The first thing you want to do is buy (or repurpose) two flat sheets in the size of your bed. For my purposes, I'm using Twins. I made two duvet covers, one using brand-new sheets, the second using thrifted ones.

Wash your sheets and iron (if you like. I'm a rebel that way.).

Two purty thrifted sheets.
Then take your two sheets and put them right sides together, matching top and bottom edges (they usually have distinctive edges; the tops are wider for decorative purposes).

Sew from one long edge up across the top and down the second long edge. Choose whatever seam allowance you like, close to 1/4" is probably best. I used the existing hemmed edges and sewed right next to them.

As for the bottom edge, or the part you leave open, you can finish it a number of different ways. You can sew short sections on either side closed, leaving approximately a two-foot gap in the center (which is what I did), or you can leave the entire bottom open and hand-sew large snaps along the edge, every 8-10" or so, or you can use handy-dandy snap tape. Snap tape is a long ribbon that already has snaps attached to it and you simply stitch it in place wherever you want it.

I chose to finish my cover by just leaving a gap (IKEA's covers are like this, or ones from other European countries, too) at the bottom. It's the least labour-intensive method. Hey, Mama didn't raise no fool.

You can also customize by sewing short pieces of ribbon inside in the corners to tie to your comforter/duvet to keep it from moving around too much, if that bothers you. I've never worried about that, and I don't find the duvet to shift at all.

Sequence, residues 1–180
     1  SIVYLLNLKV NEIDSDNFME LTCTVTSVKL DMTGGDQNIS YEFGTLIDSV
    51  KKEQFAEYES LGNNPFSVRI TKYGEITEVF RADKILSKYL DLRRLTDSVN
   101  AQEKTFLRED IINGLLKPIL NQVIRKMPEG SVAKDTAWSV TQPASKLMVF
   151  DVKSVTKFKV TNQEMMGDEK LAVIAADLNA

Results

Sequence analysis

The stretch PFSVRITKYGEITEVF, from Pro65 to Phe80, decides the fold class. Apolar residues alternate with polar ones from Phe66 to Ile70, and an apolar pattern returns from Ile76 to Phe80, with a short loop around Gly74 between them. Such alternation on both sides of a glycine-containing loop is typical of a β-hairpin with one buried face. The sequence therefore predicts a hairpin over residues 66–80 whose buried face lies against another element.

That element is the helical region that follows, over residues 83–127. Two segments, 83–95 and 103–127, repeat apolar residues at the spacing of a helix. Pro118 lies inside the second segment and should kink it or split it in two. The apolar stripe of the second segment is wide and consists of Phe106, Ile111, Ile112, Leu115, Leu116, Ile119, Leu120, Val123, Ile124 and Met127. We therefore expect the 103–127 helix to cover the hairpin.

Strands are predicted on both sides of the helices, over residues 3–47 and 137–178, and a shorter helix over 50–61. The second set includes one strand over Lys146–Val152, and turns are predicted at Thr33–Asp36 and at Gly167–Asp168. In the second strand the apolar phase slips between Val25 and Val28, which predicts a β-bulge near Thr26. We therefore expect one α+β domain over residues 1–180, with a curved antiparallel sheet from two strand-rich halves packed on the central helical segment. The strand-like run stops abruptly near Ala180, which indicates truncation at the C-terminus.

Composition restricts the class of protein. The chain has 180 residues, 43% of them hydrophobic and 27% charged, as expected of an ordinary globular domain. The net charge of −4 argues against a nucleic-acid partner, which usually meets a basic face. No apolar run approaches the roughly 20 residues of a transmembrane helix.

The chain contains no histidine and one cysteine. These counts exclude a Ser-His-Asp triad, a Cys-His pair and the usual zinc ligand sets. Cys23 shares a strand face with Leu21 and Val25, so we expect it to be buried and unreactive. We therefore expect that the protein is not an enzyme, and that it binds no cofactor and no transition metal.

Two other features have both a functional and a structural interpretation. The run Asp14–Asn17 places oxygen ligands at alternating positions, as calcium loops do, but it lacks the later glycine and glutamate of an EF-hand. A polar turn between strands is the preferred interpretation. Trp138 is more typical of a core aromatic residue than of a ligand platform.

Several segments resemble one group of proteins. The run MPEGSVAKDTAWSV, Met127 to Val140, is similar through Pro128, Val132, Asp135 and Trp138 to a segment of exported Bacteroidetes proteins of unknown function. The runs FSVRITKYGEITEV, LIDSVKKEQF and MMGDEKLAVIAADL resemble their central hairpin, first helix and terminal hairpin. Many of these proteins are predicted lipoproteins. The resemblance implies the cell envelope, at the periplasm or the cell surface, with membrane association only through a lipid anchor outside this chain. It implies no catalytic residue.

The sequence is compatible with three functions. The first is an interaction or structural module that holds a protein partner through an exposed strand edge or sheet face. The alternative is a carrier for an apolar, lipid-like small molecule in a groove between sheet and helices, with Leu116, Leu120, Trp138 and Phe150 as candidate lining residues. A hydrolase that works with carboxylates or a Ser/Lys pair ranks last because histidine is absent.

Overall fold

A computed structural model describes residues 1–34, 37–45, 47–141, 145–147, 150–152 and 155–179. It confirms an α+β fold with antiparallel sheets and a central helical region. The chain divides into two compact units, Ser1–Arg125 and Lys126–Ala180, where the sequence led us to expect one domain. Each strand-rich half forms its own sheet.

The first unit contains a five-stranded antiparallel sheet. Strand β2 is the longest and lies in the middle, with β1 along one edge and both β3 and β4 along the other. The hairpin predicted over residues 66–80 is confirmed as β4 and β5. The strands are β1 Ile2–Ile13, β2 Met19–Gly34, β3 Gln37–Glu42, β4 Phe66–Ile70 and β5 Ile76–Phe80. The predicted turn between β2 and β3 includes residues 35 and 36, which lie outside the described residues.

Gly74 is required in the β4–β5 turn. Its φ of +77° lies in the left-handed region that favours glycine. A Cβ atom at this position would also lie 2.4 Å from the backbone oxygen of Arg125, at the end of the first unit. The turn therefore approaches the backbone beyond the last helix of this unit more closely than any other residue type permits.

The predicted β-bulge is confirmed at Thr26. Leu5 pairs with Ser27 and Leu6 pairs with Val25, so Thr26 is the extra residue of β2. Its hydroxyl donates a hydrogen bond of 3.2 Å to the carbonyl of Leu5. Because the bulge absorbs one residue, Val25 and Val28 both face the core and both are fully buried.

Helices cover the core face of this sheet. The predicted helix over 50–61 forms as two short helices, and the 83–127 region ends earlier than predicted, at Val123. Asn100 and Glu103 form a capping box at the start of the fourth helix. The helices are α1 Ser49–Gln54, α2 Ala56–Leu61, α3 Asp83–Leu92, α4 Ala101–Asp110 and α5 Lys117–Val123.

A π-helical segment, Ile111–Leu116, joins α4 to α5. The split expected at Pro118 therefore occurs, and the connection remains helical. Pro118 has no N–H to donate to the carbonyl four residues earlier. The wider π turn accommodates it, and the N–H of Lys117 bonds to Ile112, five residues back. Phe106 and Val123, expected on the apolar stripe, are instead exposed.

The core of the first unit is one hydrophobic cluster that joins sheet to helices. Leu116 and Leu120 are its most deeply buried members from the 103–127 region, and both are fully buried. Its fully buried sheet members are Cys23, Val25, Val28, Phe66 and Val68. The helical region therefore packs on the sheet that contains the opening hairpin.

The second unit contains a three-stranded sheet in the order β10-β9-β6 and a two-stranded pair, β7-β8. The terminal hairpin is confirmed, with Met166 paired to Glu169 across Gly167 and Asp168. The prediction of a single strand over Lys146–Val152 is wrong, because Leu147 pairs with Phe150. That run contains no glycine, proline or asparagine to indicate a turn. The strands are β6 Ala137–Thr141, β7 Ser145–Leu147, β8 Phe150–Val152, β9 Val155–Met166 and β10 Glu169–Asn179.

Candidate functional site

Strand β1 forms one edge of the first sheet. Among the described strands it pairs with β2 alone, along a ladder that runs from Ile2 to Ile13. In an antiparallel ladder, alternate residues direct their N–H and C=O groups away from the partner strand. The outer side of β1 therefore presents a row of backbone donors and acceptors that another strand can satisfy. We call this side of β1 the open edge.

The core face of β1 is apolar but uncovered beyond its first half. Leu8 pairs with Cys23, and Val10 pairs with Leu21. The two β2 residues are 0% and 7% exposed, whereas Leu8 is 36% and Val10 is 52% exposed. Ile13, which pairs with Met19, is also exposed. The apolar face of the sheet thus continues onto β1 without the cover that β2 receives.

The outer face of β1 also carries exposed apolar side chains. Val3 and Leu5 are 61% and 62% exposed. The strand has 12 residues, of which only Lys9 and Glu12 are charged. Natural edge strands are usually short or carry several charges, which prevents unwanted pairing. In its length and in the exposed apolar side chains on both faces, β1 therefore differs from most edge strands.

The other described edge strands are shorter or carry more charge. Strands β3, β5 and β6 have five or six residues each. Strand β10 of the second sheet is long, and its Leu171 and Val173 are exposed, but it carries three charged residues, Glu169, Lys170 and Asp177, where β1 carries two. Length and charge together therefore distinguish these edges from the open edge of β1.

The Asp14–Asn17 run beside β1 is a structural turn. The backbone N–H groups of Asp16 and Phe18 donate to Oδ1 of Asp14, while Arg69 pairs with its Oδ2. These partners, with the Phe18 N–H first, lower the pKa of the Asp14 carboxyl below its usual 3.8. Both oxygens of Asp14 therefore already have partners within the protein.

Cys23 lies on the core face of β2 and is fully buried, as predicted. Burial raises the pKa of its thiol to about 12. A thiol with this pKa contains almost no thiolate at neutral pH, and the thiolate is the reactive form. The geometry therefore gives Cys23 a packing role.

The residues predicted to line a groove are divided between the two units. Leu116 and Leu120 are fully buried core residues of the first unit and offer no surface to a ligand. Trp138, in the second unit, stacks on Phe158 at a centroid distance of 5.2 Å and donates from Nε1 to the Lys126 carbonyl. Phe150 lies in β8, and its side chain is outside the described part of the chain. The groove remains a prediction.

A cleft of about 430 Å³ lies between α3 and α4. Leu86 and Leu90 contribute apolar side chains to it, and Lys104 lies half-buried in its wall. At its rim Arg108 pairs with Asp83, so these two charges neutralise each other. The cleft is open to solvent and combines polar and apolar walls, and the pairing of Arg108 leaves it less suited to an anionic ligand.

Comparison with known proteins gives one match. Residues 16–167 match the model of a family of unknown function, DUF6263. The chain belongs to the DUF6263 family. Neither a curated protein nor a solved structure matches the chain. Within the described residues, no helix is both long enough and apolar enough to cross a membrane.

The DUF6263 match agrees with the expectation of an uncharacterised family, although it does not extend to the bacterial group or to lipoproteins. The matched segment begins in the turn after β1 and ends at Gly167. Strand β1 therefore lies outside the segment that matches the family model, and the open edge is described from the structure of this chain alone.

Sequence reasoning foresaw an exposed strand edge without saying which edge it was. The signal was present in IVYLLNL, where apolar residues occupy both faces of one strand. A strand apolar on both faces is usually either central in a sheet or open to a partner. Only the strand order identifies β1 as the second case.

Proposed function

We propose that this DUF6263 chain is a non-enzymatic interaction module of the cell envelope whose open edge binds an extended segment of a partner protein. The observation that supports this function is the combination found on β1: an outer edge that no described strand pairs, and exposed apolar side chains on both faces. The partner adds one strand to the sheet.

Oopsies. Edges no matchy-matchy. :P
The only other thing I wanted to mention was the hazard of upcycling thrifted sheets.

What? You're asking, How can thrifted sheets be hazardous?

Well, the hazard comes from using two randomly chosen sheets...that end up not being exactly the same size. Oops. Oh, well. I just sewed across and trimmed away the excess fabric (with pinking shears to ensure minimal fraying. Everything is hidden inside, after all.).

On the plus side to using recycled sheets, you get two different looks for the price of one, as it were. I can decide whether or not I want to put the floral side up, or the cutesy hearts-and-flowers side up.

Finally, flip that sucker right-side-out and shove your duvet inside. Sadly, I have no helpful instructions on how to get it in there with a minimum of foul language and without ending up sweaty, but I'm sure you smart folks can figure out the way that works best for you!

All done! Pretty and practical!
So there you go! I don't have a shot of them in action, so you'll have to take my word for it that these two are the finished products.

Enjoy your new bedding! Just don't get irritated with me when you find yourself making a bunch of them -- because they are that easy. (If you're at the thrift store and you see matching pillowcases, grab them, too! That's an extra, added bonus!)

Catch you on the flip side!